“surface” entropy density . That is, each object contributes an average entropy S(V )/N

and there are N rDF objects. It should be noted that the fractal power laws are derived

from average density considerations, so such an argument is certainly well-founded. Fractal

large scale structure thus states that within a sphere of radius r, the number of cosmological

objects is a function of area (r2).

Thus, within a spherical volume of radius r, the number of galaxies N(r) must be proportional

to the surface area of the region’s boundary,

N(r) / @V (r) = A(r) , (6)

so that the entropy contained with a region V is

S(V ) = A , (7)

where > 0 is the proportionality constant. The above relation suggests that the distribution

of matter in the universe has perhaps a more fundamental and geometric origin.

In this case, a holographic-type space-like entropy bound is precisely given as

S(V ) = ¯A

A

4

, (8)

where for simplicity the proportionality constant has been absorbed into the surface density

term, ¯ = . Due to the A r2 dependence of each component of this inequality, the

spatial dependence vanishes and what is left is a truly scale-invariant bound. Specifically,

the violation of the space-like entropy bound is eliminated, and instead is replaced by rigid

constraints on the surface entropy density, and hence the geometry of the matter distribution:

¯

1

4

. (9)

What might be the value of ? The fractal distribution of galaxies extends to about

10 Mpc, or 1058 Planck length units. The area of the bounding sphere is thus on the order of

10116 area units. The entropy content of the entire visible universe is on the order of 1090 [31],

so even if a sizable fraction is represented in this fractal distribution, this implies the “surface”

density is no greater than 10−24 or so. The value of the proportionality constant thus

is the key to the inequality. Unless is of exceedingly high order of magnitude, though, it

is unlikely that this bound will ever be violated.

4.1 Entropy bounds for fractal dimensions near 2

Although the observational evidence points to a fractal scaling dimensions of DF = 2, this

exact geometric signature could be a coincidence. If such is the case, then the spherical

entropy bound (8) will not be scale invariant. However, implications of the bound become

even more interesting if one follows the prescription for non-integer scaling dimensions around

DF = 2.

Following this philosophy, (8) can be expressed as

rDF

A

4

r2−DF (10)

6

where is the “fractal number density” of the distribution. So, violations of the entropy

bound will occur whenever (up to geometric factors)

r > 1

1/(DF−2)

. (11)

If the fractal dimension is slightly higher than 2, the bound will ultimately be violated

for a large enough sphere. However, the relative radius of the sphere will be much greater

than in the case of homogeneity. In the case DF = 3, this reduces to the violation derived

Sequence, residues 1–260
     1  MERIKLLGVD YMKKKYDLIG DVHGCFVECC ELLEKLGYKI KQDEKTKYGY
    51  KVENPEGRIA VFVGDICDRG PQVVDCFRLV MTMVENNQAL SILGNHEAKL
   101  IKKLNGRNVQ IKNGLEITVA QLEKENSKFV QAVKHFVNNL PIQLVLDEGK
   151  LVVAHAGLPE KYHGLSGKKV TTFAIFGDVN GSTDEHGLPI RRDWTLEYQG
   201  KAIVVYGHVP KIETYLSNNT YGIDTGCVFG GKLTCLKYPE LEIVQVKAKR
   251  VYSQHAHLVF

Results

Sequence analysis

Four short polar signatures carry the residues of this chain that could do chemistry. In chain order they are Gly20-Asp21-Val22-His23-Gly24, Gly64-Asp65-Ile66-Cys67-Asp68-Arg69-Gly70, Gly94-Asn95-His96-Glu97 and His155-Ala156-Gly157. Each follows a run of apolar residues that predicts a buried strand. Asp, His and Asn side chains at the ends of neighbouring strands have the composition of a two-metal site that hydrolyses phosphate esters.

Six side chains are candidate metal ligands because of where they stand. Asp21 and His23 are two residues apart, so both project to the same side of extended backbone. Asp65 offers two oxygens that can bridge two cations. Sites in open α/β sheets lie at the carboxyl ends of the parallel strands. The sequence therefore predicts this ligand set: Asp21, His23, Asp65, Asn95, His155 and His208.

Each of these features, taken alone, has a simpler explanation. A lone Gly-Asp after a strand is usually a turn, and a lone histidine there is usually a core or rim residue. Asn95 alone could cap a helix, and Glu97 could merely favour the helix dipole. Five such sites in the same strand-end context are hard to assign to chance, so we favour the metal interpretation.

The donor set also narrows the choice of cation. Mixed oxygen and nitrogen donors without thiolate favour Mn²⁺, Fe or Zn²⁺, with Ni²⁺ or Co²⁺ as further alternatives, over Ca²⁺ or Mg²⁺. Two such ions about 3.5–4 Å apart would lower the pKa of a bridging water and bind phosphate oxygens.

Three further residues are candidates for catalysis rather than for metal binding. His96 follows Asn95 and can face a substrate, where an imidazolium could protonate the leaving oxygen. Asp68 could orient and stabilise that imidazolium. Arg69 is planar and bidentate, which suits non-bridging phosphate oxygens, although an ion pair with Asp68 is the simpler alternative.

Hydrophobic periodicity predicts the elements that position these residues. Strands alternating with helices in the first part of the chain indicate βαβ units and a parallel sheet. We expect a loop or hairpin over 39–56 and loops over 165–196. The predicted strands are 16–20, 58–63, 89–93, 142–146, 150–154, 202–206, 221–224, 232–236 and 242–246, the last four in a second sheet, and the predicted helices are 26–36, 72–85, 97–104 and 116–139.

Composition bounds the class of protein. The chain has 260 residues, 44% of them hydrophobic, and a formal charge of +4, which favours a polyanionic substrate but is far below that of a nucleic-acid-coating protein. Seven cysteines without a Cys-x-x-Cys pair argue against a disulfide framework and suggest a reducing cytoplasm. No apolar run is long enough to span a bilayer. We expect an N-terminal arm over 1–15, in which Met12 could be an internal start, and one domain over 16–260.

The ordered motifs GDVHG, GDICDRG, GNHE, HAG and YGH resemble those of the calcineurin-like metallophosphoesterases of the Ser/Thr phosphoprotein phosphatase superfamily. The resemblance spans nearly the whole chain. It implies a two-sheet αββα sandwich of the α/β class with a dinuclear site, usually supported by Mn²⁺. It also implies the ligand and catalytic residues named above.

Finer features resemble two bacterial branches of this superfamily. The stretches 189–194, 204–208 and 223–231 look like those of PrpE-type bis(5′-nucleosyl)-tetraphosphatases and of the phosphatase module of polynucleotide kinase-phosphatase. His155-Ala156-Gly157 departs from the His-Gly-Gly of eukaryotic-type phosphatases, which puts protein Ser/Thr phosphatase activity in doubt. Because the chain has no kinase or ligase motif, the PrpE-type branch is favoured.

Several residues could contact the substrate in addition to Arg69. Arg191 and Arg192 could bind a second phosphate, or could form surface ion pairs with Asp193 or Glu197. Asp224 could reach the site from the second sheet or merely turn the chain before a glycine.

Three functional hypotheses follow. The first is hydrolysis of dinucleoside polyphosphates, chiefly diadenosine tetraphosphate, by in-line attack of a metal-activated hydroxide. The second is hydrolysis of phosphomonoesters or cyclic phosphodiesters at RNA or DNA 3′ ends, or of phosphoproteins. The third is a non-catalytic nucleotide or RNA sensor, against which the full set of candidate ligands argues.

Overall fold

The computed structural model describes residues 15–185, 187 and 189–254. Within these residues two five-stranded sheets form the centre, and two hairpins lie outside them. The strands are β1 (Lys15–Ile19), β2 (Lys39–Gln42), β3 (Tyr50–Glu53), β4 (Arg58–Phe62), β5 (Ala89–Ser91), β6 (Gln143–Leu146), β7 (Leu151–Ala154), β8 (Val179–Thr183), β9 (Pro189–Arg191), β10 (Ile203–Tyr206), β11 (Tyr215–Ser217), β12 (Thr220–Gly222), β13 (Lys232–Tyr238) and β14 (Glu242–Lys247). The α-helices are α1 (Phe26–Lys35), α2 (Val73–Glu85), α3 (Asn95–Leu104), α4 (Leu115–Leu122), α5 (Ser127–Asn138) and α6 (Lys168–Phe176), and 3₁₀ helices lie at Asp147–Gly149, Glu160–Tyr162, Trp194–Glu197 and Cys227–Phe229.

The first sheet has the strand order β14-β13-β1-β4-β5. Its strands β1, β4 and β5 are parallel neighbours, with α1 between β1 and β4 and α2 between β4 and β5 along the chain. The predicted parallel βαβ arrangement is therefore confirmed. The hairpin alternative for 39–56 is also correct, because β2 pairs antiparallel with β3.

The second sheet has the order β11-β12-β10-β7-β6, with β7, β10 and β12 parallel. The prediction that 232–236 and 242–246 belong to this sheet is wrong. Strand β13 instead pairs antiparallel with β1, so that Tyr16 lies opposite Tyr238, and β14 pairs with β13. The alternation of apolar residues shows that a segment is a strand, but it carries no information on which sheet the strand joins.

in [26].

4.2 Transitions to homogeneity

Current observation suggests that the fractal distribution of matter may transition to homogeneity

at large distances. In this case, the entropy density (7) and scale-invariant entropy

bound (8) are no longer applicable, at least on a global scale.

In addition to the references discussed in Section 1, a recent analysis [38] has determined

that number of luminous red galaxies (LRGs) shows a well-defined DF = 2 fractal behavior

up to scale lengths of at least 20 h−1 Mpc, and a smooth transition to homogeneity (DF = 3)

beyond scales of 70 h−1 Mpc. Reference [39] confirms DF 2 fractal clustering behavior

to a scale of 40 Mpc, using independent analysis techniques such as the nearest neighbor

probability density, the conditional density, and the reduced two-point correlation function.

In terms of the holographic model, in the simplest of cases, consider a spherical region of

radius R (in flat space) in which the distribution of matter is fractal with DF = 2. Within

this region, the entropy constrain obeys that described in Equation 7, i.e. SF(r) ¯rD

F .

For separation scales r > R, the distribution resembles a homogeneous one, and the total

entropy is now described by a volumetric distribution with density . At the transition scale

r = R, these descriptions of entropy must agree. That is, the total entropy within a sphere

of radius r = R should be SF(R) = SH(R), where SF(R) = 4¯R2 and SH = 4/3R3. This

implies that R = 3¯

.

Potential violations of the holographic principle are now re-introduced at scales r > R, as

described by Equation 5. However, the requirement of statistical continuity in the description

of the entropy also requires that S′

F(R) = S′

H(R). This provides an additional constraint

equation on the value of R, in this case R = 2¯

, assuming the only radial dependence in the

holographic bound is in the geometric term (area and volume).

Hence, fractal holography implicitly supports the well-known observation of a slow transition

to homogeneity over distances of several megaparsecs. A similar holographic model

could represent the transition entropy in the most general form STrans(r) (r)rD(r), where

both the entropy “density” ((r)) and the fractal dimension itself (D(r)) become functions of

the scale length. This can be cast as a boundary-constrained problem, with the requirements

SF(R1) = STrans(R1), SH(R2) = STrans(R2), S′

F(R1) = S′

Trans(R1), S′

H(R2) = S′

Trans(R2). Appropriate